Nanoscope Therapeutics Announces First Patient Dosed in STARLIGHT Phase 2 Clinical Trial of MCO-010 Optogenetic Gene Therapy for Stargardt Disease
DALLAS, July 25, 2022 — Nanoscope Therapeutics Inc., a clinical-stage biotechnology company developing gene therapies for retinal degenerative diseases, today announced that the first patient has been dosed in a Phase 2 trial of its Multi-Characteristic Opsin (MCO-010) ambient-light activatable optogenetic monotherapy for Stargardt disease.
“This trial represents the second indication for our vision restoring therapy for people blinded by rare inherited retinal degenerative diseases regardless of gene mutations,” said Sulagna Bhattacharya, CEO of Nanoscope. “Our RESTORE Phase 2b trial for Retinitis Pigmentosa patients has completed enrollment and results are expected in Q1 2023. There are no approved treatments for these debilitating conditions.”
The Phase 2 STARLIGHT open-label trial (NCT05417126) currently has active clinical sites in Texas and Florida and will enroll approximately six patients to receive the same MCO-010 dose of 1.2E11gc/eye as used in the Phase 2b Retinitis Pigmentosa (RP) study. Six-month safety and efficacy data are expected in Q1 2023. Stargardt disease is a progressive, inherited condition affecting children and adults. The condition results in damage to the macula, the central part of the retina responsible for central and detailed vision. Stargardt disease can be caused by several different gene mutations and is the second most common inherited retinal condition after RP.
“Existing experimental treatments for Stargardt primarily aim to slow progression of vision loss. For people who already have advanced vision loss, an optogenetics based approach, such as MCO-010, may have much greater potential to restore lost vision,” Aaron Osborne, CMO and CDO at Nanoscope added.
“MCO-010 offers new hope for individuals with Stargardt macular degeneration. Stargardt patients with severe degeneration typically lack sufficient light sensing photoreceptor neurons needed to qualify for experimental ABCA4 gene specific therapies. Optogenetic therapy may be able to treat a wider group of patients with Juvenile macular degeneration regardless of the status of their light sensing photoreceptor neurons,” said Stephen Tsang, MD, PhD, Laszlo Z. Bito Professor of Ophthalmology, Pathology and Cell Biology at Columbia University Irving Medical Center and advisor to Nanoscope Therapeutics.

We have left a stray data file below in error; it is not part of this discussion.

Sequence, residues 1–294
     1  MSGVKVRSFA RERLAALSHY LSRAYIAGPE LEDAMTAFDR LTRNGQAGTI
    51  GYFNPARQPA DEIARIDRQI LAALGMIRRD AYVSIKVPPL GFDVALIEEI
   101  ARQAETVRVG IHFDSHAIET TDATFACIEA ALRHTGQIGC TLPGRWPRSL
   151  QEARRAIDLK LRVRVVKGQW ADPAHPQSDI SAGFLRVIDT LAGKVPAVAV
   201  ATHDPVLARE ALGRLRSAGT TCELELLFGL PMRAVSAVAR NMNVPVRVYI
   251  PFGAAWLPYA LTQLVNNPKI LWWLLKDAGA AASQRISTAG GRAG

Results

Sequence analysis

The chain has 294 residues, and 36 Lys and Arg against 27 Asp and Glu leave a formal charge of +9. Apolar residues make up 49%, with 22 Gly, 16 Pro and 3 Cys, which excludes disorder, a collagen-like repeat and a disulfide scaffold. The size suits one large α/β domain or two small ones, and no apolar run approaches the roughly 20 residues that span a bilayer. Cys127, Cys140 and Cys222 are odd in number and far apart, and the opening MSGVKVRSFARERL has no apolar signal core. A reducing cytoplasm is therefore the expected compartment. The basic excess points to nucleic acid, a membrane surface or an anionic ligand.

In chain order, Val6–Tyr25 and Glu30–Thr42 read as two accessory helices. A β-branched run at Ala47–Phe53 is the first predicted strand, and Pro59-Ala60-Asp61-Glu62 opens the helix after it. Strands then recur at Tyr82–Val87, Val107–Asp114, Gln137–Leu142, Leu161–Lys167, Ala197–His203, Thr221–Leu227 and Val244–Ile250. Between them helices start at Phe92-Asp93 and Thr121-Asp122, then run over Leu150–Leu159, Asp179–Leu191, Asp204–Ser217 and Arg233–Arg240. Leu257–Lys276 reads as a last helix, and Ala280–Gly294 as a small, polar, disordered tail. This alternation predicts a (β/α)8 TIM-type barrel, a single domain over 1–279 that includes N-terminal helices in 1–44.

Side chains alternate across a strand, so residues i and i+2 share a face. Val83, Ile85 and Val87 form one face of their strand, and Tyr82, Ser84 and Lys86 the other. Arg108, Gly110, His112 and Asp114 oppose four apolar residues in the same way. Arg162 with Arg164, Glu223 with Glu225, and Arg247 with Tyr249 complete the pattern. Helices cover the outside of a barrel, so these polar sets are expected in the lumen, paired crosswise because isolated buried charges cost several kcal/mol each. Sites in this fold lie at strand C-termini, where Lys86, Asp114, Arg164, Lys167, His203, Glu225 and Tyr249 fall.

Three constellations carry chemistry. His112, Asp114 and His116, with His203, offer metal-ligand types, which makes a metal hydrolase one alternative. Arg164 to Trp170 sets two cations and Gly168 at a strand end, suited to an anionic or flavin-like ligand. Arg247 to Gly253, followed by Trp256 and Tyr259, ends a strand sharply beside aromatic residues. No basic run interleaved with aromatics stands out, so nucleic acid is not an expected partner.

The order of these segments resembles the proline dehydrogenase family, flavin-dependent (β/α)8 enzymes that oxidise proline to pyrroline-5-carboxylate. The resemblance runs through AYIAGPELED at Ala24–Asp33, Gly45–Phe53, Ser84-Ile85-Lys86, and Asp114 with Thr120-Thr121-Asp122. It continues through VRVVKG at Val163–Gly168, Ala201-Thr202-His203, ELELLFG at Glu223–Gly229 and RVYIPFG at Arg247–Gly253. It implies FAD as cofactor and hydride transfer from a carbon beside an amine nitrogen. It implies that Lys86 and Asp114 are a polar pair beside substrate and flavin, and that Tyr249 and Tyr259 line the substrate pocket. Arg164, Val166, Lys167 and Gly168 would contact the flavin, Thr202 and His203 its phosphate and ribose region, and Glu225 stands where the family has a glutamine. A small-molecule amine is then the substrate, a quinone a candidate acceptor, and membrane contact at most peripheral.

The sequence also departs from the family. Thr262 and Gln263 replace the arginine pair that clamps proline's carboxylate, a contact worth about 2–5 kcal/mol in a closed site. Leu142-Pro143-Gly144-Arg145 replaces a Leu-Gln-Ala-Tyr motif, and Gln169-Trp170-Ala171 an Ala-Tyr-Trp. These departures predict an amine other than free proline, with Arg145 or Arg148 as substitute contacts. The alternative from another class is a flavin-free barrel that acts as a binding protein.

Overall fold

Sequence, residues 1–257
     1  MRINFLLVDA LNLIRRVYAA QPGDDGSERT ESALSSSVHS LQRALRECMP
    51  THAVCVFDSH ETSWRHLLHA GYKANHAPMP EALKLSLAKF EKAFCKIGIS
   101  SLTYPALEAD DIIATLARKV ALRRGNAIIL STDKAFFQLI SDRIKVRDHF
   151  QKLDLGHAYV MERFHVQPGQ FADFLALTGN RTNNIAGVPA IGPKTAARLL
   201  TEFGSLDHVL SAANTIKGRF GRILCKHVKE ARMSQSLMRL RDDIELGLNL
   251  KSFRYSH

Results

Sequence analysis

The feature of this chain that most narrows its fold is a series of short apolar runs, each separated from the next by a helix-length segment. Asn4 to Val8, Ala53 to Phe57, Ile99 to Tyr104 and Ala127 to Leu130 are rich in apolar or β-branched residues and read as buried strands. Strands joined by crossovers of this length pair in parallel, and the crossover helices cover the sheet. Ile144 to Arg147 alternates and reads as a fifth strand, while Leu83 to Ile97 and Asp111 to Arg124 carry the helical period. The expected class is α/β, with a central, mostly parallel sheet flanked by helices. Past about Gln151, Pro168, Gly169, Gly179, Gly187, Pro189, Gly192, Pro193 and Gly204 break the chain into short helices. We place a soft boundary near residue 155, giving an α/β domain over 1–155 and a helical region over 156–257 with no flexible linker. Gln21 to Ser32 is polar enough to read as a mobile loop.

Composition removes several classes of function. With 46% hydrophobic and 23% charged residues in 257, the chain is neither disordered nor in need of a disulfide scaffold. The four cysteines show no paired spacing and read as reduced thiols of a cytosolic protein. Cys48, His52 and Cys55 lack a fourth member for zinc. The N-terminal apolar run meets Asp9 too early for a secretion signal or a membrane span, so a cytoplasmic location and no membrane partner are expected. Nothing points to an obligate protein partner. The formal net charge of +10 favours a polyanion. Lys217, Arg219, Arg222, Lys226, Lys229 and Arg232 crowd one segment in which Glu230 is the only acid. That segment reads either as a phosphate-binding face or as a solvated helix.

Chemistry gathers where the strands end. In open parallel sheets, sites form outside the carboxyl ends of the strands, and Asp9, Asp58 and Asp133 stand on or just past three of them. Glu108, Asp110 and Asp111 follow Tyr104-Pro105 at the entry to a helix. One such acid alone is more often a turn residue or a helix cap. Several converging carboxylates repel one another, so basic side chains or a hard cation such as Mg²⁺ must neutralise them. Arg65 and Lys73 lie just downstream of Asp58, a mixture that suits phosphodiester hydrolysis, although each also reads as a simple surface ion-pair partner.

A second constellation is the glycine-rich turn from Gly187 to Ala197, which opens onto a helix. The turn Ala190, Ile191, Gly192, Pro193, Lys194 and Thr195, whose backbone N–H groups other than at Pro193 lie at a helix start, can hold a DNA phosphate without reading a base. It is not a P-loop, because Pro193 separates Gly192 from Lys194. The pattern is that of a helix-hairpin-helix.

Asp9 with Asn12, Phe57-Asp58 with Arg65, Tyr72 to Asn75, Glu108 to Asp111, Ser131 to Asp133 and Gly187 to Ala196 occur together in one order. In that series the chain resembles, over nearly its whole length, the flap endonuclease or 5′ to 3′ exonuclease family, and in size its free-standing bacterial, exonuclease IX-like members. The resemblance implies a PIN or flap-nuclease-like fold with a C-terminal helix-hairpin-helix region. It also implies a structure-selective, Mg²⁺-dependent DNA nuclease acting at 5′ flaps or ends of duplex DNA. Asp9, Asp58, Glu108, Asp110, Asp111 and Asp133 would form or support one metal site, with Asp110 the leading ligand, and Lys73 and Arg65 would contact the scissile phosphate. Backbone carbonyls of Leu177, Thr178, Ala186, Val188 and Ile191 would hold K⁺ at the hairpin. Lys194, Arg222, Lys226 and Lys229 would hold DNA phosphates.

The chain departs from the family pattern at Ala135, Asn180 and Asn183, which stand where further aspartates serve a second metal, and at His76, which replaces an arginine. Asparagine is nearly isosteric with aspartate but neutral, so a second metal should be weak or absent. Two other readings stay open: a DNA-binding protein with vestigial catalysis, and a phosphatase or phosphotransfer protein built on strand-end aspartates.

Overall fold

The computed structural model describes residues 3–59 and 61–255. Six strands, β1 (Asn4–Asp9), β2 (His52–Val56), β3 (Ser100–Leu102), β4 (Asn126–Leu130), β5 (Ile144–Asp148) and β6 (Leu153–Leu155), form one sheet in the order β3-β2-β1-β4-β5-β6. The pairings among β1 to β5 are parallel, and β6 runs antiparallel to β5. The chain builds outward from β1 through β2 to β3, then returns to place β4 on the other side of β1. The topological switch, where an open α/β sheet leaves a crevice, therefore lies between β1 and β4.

Nanoscope’s MCO-010 gene therapy reprograms healthy retinal cells to make them photosensitive. It uses proprietary vector and promoter technology to deliver the MCO genes into retinal bipolar cells enabling vision in different color environments. The therapy involves a single intravitreal injection in a medical office setting.
Nanoscope Therapeutics is developing gene-agnostic, sight restoring optogenetic therapies for the millions of patients blinded by retinal degenerative diseases, for which no cure exists. The company’s lead asset, MCO-010, is presently in Phase 2b multicenter, randomized, double-masked, sham-controlled clinical trials in the U.S. for retinitis pigmentosa (NCT04945772) with top line data expected Q1 2023. The company has also initiated a Phase 2 trial of MCO-010 therapy in Stargardt patients (NCT05417126). MCO-010 has received FDA orphan drug designations for RP and Stargardt. Preclinical assets include non-viral laser delivered MCO-020 gene therapy for geographic atrophy.
Opus Biotech Communications